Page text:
Can your SMSF buy your business?

If you’re the sole director in ownership of your business, you might be tempted to have your SMSF purchase it from yourself. Here’s what you need to know.

This question comes up regularly so let’s split it into two parts before answering it.

Transfer of the property

At first glance, the SMSF would not be able to acquire the property from the member because they are a related party of the SMSF. However, section 66 of the SIS Act does contain a relevant exception to the general prohibition on related party acquisition.

The exception allows the fund to buy what is called ‘business real property’ provided it is transferred at market value. Figuring out whether the property constitutes ‘business real property’ can be straightforward or a little more complex, depending on the type and use of the property, so it’s always best to speak to a professional before proceeding. Basically, it’s property which is wholly and solely used for business purposes.

Both the ATO and the local Duties Office will generally require a valuation to be presented as evidence that the property is being acquired at market value. Ideally, this should be obtained from an independent, qualified valuer to avoid any complications.

Provided the above requirements are met, the SMSF would be able to acquire the property from the member by cash (including borrowing) and/or in-specie contribution. In some states, the transaction is even eligible for concessional stamp duty (e.g. NSW, Victoria or WA).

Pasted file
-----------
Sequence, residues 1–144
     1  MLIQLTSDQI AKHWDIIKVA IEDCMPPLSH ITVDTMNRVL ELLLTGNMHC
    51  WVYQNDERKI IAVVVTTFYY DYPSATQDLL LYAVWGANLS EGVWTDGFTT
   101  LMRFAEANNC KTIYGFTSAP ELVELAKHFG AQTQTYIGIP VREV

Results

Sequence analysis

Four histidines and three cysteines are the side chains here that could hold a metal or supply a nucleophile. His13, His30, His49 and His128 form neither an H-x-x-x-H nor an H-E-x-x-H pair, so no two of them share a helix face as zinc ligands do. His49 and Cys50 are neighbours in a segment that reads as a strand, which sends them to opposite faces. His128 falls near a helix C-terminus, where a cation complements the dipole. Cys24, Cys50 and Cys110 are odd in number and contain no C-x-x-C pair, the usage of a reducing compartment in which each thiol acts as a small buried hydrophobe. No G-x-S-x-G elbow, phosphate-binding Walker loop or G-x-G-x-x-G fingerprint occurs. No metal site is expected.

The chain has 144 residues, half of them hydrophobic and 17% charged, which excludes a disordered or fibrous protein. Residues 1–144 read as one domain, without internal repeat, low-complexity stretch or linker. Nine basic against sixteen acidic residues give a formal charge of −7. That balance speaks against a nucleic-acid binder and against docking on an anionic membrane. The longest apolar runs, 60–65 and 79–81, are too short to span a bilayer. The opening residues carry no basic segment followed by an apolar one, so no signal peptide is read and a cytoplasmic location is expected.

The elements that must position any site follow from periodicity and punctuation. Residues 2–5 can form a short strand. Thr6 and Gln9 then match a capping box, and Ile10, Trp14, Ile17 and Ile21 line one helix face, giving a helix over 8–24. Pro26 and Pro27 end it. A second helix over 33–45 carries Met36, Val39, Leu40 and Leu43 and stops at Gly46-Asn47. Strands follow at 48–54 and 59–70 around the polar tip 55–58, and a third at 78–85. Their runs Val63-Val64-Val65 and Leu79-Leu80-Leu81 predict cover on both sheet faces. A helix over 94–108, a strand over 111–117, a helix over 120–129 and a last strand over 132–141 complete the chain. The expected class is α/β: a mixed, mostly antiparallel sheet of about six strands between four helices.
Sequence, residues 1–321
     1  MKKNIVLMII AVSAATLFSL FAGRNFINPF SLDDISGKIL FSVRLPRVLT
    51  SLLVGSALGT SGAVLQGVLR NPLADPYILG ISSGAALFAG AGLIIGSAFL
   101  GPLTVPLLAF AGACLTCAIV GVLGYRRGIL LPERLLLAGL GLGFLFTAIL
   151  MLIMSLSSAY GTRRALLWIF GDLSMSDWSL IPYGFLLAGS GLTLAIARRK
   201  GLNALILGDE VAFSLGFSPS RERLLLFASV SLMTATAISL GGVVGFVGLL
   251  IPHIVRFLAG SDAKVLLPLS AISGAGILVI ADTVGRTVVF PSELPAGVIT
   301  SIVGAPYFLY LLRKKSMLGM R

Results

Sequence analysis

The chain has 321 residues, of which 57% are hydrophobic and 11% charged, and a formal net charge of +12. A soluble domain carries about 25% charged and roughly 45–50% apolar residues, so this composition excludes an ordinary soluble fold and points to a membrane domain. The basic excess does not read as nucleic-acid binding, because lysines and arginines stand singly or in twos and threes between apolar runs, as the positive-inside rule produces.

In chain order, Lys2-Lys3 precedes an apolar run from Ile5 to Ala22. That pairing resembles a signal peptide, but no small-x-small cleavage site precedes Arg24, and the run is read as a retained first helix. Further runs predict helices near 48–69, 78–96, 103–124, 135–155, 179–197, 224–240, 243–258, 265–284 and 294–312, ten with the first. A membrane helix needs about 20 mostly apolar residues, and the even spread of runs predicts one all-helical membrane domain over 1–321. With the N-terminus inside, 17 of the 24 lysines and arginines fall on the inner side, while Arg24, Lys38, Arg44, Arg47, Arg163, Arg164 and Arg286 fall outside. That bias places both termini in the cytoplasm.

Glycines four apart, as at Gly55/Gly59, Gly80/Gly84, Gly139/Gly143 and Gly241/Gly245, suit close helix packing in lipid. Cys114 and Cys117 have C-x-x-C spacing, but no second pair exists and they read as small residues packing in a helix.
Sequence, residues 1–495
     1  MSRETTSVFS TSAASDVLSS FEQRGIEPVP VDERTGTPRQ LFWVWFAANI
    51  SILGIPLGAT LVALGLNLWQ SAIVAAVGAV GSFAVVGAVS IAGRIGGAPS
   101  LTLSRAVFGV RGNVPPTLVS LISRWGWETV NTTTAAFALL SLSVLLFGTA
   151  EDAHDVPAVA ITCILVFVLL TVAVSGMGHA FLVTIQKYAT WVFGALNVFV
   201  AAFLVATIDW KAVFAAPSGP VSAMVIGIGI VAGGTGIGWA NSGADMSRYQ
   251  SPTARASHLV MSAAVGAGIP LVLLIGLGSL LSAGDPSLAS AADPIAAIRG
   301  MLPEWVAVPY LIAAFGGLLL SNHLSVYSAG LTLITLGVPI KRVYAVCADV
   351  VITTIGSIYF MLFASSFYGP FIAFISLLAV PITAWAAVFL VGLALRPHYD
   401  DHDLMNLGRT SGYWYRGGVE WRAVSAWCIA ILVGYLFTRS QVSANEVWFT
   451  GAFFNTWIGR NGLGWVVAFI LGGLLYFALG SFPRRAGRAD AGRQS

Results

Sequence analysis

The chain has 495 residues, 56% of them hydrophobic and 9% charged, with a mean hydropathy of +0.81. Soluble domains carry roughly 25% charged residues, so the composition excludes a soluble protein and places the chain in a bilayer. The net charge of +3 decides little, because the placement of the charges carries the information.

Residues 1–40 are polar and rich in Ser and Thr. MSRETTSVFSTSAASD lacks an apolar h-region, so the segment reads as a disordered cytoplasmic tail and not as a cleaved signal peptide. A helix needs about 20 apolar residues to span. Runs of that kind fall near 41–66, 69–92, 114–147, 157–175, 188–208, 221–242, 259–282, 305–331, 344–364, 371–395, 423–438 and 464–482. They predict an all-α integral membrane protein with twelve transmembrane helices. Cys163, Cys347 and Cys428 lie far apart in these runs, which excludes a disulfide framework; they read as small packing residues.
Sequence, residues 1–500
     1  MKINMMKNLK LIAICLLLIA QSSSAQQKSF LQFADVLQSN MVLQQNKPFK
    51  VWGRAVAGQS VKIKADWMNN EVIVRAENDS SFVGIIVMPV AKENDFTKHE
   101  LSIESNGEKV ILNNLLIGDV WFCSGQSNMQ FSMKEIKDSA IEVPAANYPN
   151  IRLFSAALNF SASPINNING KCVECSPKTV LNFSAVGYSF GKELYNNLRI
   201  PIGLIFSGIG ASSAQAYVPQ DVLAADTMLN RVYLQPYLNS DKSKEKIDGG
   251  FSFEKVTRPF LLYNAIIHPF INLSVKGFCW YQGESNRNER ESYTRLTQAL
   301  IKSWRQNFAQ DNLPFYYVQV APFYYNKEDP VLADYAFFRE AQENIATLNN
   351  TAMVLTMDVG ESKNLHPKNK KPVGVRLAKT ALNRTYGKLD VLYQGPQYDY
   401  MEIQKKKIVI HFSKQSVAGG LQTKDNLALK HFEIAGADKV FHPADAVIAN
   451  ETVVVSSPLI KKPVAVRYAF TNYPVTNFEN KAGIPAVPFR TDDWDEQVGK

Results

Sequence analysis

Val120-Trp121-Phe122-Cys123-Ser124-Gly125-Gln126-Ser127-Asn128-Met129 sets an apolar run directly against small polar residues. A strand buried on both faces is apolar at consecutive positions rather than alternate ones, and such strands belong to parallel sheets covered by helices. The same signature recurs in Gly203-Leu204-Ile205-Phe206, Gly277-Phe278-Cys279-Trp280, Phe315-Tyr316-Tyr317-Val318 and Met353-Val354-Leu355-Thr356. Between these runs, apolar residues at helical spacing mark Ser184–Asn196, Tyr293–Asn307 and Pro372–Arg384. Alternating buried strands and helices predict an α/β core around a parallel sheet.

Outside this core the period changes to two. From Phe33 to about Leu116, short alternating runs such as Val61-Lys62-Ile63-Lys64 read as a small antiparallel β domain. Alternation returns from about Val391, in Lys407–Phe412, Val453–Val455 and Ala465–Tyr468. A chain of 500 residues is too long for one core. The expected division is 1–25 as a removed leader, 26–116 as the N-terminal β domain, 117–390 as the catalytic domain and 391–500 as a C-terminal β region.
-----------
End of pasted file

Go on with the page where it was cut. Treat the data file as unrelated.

Transfer of the shares in the private company

Here again, the prohibition would apply but another exception is available. Generally, an SMSF can acquire from a related party an asset even if the investment would be an in-house asset of the SMSF.

The asset must be acquired at market value, which must be less than 5 per cent of the total market value of the fund (this is colloquially called the ‘5 per cent rule’).

As the acquisition of shares in a related private company (i.e. unlisted shares) falls within the definition of an in-house asset, the SMSF is able to buy the unlisted shares from the member (keeping the 5 per cent rule in mind).

Michael Hallinan, Townsends Business & Corporate Lawyers.However, this investment comes with ongoing obligations as the trustee needs to ensure the market value of the unlisted shares (and any other in-house assets of the SMSF) is carefully monitored each year.

Should the value of the SMSF’s in-house assets go over 5 per cent of the overall asset value of the SMSF, the trustee must either sell some of the shares, sell some other in-house assets or otherwise increase the total value of the assets of the fund to get back below the threshold before the end of the financial year.

Other points to remember:

  • The investment must be conducted at arms length to comply with s109 of the SIS Act and avoid non-arms length income consequences;
  • The investment strategy of the SMSF must be considered prior to entering into the transaction; and
  • The ‘sole purpose’ test must be taken into account.

Michael Hallinan is a special counsel at Townsends Business & Corporate Lawyers.

For more information about whether an SMSF can run a business, check out this blog by Joel Curry, director of TriSuper Auditors, an independent SMSF auditing firm. 

 

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